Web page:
In response, the University of Washington team says that even counting new workers making up to $19 an hour, Seattle still saw a decrease in its rate of new entrants compared to the rest of the state.
A different study released last month by the Institute for Research on Labor and Employment at the University of California at Berkeley showed no employment loss in six cities that had raised wages above $10 by 2016 — Seattle, San Francisco, Chicago, Washington D.C., Oakland and San Jose. Rather, that study found that average weekly earnings for workers in the food service industry went up between 1.3% and 2.5% for every 10% increase in the minimum wage.
“Recent studies of restaurant workers have arrived at a consensus: They find little to no detectable negative effects of minimum wages on restaurant employment,” the authors wrote.
States lead the way, and Congress may follow
The findings come as the political calculus around the minimum wage has been shifting, with inequality on the rise and ballooning housing costs eating up more and more of the average worker’s paycheck. Amazon’s plan to increase its minimum wage to $15 on November 1 has added corporate heft to efforts to raise pay nationally.
If Democrats regain control of the House, they will prioritize a bill to raise the minimum wage to $15 by 2024, and then index it to inflation, according to a spokeswoman for the minority staff of the House Education and Workforce Committee. Democrats believe some Republicans might get on board, giving it a shot at passing the Senate even if Democrats don’t control the chamber.
Meanwhile, state and local efforts continue. This year, ballot initiative efforts have failed in North Dakota and Michigan. But a $15 minimum wage bill was signed into law by Massachusetts Governor Charlie Baker, a Republican, and labor unions have won increases of up to $19 for workers at ports and airports. Voters in Arkansas and Missouri will decide on more modest increases on Election Day.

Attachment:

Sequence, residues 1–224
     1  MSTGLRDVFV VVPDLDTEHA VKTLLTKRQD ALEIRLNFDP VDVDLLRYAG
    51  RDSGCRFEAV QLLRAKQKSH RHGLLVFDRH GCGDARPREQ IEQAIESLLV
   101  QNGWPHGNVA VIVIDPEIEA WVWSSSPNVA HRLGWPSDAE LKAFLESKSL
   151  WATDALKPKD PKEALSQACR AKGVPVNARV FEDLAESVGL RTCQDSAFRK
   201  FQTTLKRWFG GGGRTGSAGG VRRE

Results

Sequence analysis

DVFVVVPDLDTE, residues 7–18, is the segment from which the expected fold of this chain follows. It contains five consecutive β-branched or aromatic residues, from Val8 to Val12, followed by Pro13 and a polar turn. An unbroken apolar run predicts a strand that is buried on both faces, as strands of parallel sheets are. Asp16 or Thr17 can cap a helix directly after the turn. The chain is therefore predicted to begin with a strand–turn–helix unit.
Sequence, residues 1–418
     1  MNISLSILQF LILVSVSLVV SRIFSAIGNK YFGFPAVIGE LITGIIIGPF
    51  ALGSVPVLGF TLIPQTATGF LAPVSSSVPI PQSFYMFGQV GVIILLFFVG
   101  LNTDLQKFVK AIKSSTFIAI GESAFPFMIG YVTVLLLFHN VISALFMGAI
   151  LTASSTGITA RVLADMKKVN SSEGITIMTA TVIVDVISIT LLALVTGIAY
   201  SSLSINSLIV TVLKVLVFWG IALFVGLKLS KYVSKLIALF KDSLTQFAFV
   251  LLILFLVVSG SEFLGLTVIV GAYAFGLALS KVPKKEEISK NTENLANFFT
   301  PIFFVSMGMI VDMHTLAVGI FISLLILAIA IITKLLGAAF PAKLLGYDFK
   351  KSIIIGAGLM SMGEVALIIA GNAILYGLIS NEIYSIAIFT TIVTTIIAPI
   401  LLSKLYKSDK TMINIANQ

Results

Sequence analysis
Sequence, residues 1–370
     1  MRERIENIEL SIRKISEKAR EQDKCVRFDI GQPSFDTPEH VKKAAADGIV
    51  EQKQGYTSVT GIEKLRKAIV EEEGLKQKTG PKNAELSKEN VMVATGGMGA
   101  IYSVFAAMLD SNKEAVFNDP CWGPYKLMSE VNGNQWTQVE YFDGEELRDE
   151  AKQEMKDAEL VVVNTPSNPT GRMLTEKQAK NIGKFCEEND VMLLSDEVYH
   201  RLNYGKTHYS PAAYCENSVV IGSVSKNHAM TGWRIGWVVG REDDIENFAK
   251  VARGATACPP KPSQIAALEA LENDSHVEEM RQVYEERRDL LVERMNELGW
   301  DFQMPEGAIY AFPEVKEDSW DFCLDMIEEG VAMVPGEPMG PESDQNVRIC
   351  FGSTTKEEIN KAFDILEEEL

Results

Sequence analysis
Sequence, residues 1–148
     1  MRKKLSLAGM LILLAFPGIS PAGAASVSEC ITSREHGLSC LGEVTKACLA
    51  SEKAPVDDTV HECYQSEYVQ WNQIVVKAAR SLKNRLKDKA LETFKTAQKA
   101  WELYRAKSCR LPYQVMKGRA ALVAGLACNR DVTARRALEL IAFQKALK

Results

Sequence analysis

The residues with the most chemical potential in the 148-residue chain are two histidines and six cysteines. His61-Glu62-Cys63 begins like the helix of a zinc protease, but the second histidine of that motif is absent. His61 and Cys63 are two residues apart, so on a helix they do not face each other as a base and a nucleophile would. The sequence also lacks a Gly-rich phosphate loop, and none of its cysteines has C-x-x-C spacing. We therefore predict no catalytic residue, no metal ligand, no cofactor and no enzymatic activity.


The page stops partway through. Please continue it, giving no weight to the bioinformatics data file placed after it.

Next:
Although raising local minimum wages has so far appeared to deliver benefits for workers, researchers caution that all recent studies have taken place in the midst of an economic expansion, and in particularly hot urban areas. Bringing a small town in New Mexico up to the same level, for example, might not yield similarly positive results.
And even some supporters of Seattle’s minimum wage ordinance worry about the future.
“Are we making decisions that we’re getting away with because of the economic boom?” asked Ryan Calkins, a Seattle Port Commissioner who until 2016 ran an import and distribution company. He said putting more money in the hands of low-wage workers is good for business, but that higher labor costs might not always be so easy to absorb. “What happens when things tighten up as the business cycle turns down?”